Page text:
We chatted with Executive Coach and Strategist Linda Glass to learn more about internal communications and the importance of implementing a strong, strategic culture that helps to amplify your external brand’s message.
1. How do internal communications translate to a strong company culture?
The companies with the strongest, most impactful cultures do it through storytelling. Culture isn’t created through policies, memos or values put on the wall; it’s created through ongoing, constant reflection through stories. It takes intention and habit.
2. Do you think internal communications affect a company's reputation?
Absolutely. Internal communication is all about meaningful connection. Without it, you aren’t building trust. Those who have a great connection with their company speak well of it externally. Having no connection with your company leads to a negative reputation or no reputation at all. Just look at GlassDoor!
3. How does the way a company communicates internally affect how they communicate externally?
I have experienced several companies who are so focused on executing and getting it done that they have this false belief they don’t have time to do “fluffy” extra communication internally. Your quality and success in external communication starts at the core of your internal communication. If you are talking to your people and creating great, meaningful internal dialogue, you can bet that will translate to how they interact and communicate externally.
4. What are the five most important elements of a strong internal communications structure?
- A well thought-out calendar that allows you to be clear and consistent around key messages and that gives you the ability to react to needs as they arise.
- Finding the delivery methods and timing that are most meaningful to your people.
- Having someone in charge of driving communication and being intentional is key.
- Prioritization from the top down that communication is integral to everything you do; it’s not an afterthought.
- Hire great communicators! One person can’t “own” communication. EVERYONE needs to do it and find value in it.
5. What's the importance of CEO communication? Why do even some of the most seasoned executives warrant a coach? Is there a fear of being coached or resistance to having an advisor like you?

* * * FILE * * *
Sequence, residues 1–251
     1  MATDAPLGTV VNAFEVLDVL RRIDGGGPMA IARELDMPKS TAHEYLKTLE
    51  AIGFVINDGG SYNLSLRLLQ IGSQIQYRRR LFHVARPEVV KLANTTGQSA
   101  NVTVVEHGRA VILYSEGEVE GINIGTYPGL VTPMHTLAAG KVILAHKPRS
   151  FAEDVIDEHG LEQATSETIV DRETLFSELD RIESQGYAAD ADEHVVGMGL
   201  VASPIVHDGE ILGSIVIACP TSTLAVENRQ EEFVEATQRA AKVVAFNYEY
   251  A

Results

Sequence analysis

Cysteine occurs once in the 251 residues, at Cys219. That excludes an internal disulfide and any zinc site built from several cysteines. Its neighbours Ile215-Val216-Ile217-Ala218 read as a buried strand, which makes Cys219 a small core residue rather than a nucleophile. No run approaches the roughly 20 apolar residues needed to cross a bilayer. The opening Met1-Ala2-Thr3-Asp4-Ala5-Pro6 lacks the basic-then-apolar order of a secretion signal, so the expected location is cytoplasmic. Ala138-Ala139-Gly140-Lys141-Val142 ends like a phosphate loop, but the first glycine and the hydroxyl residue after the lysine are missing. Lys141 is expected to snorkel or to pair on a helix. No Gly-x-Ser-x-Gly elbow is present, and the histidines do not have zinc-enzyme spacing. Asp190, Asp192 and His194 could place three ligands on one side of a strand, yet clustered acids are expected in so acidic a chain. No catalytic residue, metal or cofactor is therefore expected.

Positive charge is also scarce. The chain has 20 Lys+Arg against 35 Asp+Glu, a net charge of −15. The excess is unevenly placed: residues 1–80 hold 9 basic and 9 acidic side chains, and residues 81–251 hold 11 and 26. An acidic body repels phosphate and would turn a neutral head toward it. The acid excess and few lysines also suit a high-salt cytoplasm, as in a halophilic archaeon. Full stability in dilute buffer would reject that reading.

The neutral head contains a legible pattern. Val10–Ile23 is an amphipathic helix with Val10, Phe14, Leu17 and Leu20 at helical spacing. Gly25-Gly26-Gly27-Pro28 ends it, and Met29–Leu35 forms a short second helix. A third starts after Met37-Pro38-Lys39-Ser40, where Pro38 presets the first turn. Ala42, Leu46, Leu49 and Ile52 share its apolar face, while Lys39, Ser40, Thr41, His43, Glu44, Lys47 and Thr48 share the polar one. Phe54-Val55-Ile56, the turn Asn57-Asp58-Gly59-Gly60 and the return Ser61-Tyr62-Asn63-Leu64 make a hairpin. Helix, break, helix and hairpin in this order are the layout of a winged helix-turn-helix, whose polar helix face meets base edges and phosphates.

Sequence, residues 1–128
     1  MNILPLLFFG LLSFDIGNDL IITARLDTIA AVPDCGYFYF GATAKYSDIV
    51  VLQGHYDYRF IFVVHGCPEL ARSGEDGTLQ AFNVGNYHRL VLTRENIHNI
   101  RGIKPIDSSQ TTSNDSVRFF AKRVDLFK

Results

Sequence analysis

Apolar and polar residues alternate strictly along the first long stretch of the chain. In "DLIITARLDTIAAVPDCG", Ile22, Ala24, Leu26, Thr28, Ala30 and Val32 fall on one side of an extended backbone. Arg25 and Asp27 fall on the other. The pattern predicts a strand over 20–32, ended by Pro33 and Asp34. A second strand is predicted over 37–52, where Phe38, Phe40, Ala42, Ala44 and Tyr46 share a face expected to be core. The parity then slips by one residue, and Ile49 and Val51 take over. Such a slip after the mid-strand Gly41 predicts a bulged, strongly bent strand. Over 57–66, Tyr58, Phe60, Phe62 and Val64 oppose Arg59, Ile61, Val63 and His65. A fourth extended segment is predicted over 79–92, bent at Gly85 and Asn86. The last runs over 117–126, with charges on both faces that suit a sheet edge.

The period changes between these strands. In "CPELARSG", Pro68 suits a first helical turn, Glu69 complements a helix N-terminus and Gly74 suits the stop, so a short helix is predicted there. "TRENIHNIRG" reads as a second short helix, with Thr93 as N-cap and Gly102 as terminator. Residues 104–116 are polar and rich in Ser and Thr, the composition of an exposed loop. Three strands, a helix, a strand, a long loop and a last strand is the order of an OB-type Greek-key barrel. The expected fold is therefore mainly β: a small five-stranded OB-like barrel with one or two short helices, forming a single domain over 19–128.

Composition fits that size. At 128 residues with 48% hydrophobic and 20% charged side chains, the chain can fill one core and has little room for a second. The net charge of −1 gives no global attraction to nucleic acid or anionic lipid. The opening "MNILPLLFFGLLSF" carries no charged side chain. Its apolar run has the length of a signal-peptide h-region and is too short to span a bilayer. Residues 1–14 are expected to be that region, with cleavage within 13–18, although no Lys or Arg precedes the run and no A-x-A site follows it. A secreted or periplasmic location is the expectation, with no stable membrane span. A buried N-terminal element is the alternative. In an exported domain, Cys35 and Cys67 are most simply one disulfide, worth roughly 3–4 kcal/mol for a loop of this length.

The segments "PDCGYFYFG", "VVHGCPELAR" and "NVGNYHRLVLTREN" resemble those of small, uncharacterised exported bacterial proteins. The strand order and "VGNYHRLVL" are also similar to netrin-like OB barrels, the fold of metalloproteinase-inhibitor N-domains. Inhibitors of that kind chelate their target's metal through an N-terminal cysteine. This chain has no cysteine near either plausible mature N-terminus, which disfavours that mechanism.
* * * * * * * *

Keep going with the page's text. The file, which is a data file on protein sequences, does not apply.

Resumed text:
I’ve worked with several CEOs who have been great in their craft and have found that as they’ve risen through the ranks, it became less about what they knew technically, but how they motivated and inspired their teams to achieve. That’s all about communication and connection. In essence, you become the coach, not the player. So much about being a great leader is about learning the craft of coaching, reprioritizing time and leveraging the best behaviors to drive performance. Using a coach to help you assess and get to your highest potential has been a key differentiator for many of the greatest CEOs. It’s lonely at the top, and having a trusted advisor can make all the difference in actualizing their highest effectiveness as a CEO.
6. Do executives often hide the fact that they have someone coaching them? After all, they need to look as if they have it all together.
Not so much anymore. Perhaps ten years ago, one might be concerned about appearing vulnerable. However, today’s leaders believe in the power of vulnerability and continual learning. It is something they both need to embrace and role model for their teams if they want to reach their highest potential.
7. How can employees bolster strong internal communications?
Role model it. Take charge of communication and don't wait for a “program” to deliver it. If you see a gap or a need, raise it!
8. Where have you seen internal communication work really well?
Strong internal communications go hand-in-hand with the strongest cultures. Just look at the list of “Best Places to Work,” no question they are at the top because they are in a constant state of powerful communication with their employees.
9. How does working with your clients lead to conversations about PR?
When I’m working with a client, I have the opportunity to see behind the curtain and identify the root causes of many pain points. Sometimes that is hiring, sometimes it is sales, often times it’s communications. At that point I have the great privilege of reaching out to the experts, the PR pros like Red Fan, to offer solutions.